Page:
History of the Captain
The Captain Wohlt Inn, a Hermann, Missouri bed and breakfast, reflects the rich history and culture of the tenacious people who established this area of the Missouri River Valley. One of these diligent people was Captain Heinrich Wohlt, for whom the Captain Wohlt Inn was named. Come stay with us at our historic bed and breakfast, and discover how the old-town charm and hospitality of Hermann remains yet today.
Captain Heinrich Wohlt (1833-1899)
In 1843, at age 10, Heinrich Wohlt came to "Rhine Country," from Germany, with his mother and stepfather. They lived at First Creek and at an early age he was apprenticed to a shoemaker, which was his trade for several years.
In 1852, at age 19, he married Miss Christine Burkhard. They continued living at First Creek for 10 years until they moved to Fredericksburg. It was here that he fell in love with the river and with steamboats in particular.
He built an impractical craft that was anything but a success. However, his industriousness attracted the attention of Hermann people and with their backing, he was able to build the steamer "Fawn" in 1880.
The "Fawn" did ferry service and also commanded the Gasconade River trade, proving to be a success and a good investment to his backers. It became the nucleus for the Hermann Packet and Ferry Boat Company with Captain Wohlt as a charter member of that group.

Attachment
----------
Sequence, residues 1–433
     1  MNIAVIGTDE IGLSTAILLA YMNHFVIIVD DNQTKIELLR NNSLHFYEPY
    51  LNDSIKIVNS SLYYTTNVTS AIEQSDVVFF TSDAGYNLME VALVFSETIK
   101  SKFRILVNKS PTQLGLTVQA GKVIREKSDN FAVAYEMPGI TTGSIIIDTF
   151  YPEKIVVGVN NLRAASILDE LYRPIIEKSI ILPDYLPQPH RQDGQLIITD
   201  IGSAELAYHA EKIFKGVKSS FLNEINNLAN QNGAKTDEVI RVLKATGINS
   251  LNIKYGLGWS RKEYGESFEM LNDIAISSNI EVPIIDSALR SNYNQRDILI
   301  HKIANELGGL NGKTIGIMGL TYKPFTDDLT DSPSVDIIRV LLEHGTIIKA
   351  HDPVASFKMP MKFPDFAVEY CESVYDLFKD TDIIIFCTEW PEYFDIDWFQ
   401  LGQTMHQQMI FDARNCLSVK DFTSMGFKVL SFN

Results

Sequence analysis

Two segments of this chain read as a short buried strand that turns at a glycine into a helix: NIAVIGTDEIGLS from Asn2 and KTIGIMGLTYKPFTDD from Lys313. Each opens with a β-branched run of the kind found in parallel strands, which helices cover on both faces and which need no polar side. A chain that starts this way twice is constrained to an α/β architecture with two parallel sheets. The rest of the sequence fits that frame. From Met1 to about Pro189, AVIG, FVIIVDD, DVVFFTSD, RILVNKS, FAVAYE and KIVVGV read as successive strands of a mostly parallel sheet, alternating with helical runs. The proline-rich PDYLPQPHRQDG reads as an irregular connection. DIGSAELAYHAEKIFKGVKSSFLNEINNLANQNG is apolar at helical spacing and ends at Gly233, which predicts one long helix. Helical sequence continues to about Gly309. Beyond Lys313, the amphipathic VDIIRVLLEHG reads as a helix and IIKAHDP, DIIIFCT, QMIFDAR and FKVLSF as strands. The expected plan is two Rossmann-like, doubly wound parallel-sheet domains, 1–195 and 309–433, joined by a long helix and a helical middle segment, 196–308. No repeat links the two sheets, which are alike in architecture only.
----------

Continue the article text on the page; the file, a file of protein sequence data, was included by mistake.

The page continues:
In 1882, his wife died and, due to ill health, he abandoned the river and steamboats.
In 1891, being of innate industrious habits, he engaged in the milling business at Spring Creek in Franklin County. He had, in the meantime, married Mrs. Frederike Krech.
The home at 123 East Third Street (now the Captain Wohlt Inn bed and breakfast) was built in 1886, as a prospective retirement home, with the 121 East Third Street property purchased to be an income property.
Ten years later, in 1896, his second wife died and he lived out his remaining days with a widowed daughter, Mrs. Mary Plattner.
After Captain Wohlt's death, the Hermann Packet and Ferry Company named a new steamboat in his honor and memory.